Singing has always been a part of our family. When I was about 6 or 7 years old, my folks tried to interest me in music by making me take piano lessons. The only song I remember was Porcupines Have Prickly Quills to the tune of Haydn’s Surprise Symphony. Also about that time, a brother in the church encouraged me to get up and “lead a song” at a Sunday afternoon singing. As I went back to my seat, I said something to the effect, “I’ll never do that again.” A little later, when my brother and I were still in elementary school, our parents sent us down the street to a lady that taught music lessons. That was not the favorite way to spend a Saturday morning for two little boys! As we grew up, church music became a big part of our lives. We would, of course, sing in church services. However, it was not uncommon for the young people to go to somebody’s house for a “singing night.” In addition, we were blessed to attend a Christian school. I sang in the chorus and learned to love music even more. I love to sing with singers who have learned to read music, have good voices and who also love to sing.
Over the years, I have often noticed that some in the church do not seem to enjoy singing. They will often not participate in the worship in song. Can God be pleased if we do not participate in that avenue of worship? Remember, God must enjoy singing or He would not have called upon His followers to sing together in worship. When we sing in worship, not only are we teaching and admonishing one another, but we are singing praises to the Most High God. How could anyone pass up that great opportunity?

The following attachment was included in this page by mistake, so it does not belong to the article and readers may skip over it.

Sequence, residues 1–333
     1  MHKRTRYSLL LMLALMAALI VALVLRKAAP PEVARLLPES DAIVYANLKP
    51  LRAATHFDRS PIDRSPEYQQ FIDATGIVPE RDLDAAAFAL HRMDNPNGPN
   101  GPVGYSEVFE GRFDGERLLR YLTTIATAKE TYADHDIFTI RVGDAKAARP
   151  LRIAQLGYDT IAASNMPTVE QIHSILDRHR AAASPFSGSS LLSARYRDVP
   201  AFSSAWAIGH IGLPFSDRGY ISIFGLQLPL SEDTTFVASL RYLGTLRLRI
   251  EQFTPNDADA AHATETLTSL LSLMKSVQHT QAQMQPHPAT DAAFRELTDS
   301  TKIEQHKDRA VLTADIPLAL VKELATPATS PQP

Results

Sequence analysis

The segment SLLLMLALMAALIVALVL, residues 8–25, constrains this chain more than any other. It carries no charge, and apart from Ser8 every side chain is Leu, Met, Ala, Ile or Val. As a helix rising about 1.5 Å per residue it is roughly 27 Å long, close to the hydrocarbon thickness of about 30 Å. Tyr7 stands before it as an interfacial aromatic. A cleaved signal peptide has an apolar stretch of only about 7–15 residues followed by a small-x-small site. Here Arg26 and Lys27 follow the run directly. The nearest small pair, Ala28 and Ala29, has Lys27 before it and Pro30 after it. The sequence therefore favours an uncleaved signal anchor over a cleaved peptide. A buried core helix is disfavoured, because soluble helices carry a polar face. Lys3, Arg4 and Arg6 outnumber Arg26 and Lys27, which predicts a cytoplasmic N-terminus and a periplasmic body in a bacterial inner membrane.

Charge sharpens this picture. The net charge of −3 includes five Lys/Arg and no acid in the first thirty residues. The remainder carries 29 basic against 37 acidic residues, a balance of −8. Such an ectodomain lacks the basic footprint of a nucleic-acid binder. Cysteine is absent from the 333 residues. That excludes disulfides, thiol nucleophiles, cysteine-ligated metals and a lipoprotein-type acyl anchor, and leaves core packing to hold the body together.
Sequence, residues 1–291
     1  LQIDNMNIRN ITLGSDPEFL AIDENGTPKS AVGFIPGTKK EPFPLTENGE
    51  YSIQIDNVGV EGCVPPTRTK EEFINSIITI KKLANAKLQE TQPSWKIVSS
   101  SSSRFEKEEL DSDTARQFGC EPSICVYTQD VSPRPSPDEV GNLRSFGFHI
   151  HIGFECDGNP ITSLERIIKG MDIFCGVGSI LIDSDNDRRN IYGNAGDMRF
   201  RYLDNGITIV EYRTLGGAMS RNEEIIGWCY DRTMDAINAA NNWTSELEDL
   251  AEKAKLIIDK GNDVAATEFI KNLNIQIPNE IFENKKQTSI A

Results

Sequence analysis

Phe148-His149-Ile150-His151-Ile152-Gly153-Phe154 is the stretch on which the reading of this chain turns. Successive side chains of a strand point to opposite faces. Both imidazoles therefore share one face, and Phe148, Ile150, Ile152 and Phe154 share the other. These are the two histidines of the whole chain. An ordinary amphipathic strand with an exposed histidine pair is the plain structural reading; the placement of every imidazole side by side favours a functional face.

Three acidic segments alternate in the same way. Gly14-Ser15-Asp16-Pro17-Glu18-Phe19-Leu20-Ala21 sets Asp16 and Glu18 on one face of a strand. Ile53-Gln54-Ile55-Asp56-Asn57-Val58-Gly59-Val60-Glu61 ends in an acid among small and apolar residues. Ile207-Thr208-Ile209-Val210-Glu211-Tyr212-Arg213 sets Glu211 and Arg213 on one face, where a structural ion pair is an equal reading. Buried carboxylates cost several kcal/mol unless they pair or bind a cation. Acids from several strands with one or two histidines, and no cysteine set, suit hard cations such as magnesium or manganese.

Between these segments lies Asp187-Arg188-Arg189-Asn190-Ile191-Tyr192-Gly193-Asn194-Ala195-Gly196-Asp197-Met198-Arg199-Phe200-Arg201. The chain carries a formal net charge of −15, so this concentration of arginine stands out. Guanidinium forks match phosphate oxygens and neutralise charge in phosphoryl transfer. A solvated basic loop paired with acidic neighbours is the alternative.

We are also singing about God and the Lord Jesus. We want others to know of God the Father and His beloved Son, the Savior. It is the one point in worship when we all have an equal opportunity to teach the many important lessons found in the wonderful psalms, hymns and spiritual songs. Why would any believer not want to obey God and engage in worship in song?
It is not essential that we sing the right notes every time. I am thankful for that since I miss a note now and then. Some may not even know one note from another. You may not sing soprano, alto, tenor or bass. You may sing “also” instead of solo. We all ought to do our best whether singing, leading prayer or whatever we do in our worship to God. Yet, with singing, keep in mind God is pleased even if we are making a joyful noise unto the Lord when our worship is in the right spirit and according to the truth of God’s Word. Keep in mind God made everyone’s voice. It may not sound good to me, but it may sound wonderful to the Lord! So, never deprive the Father in heaven of hearing His children praise Him.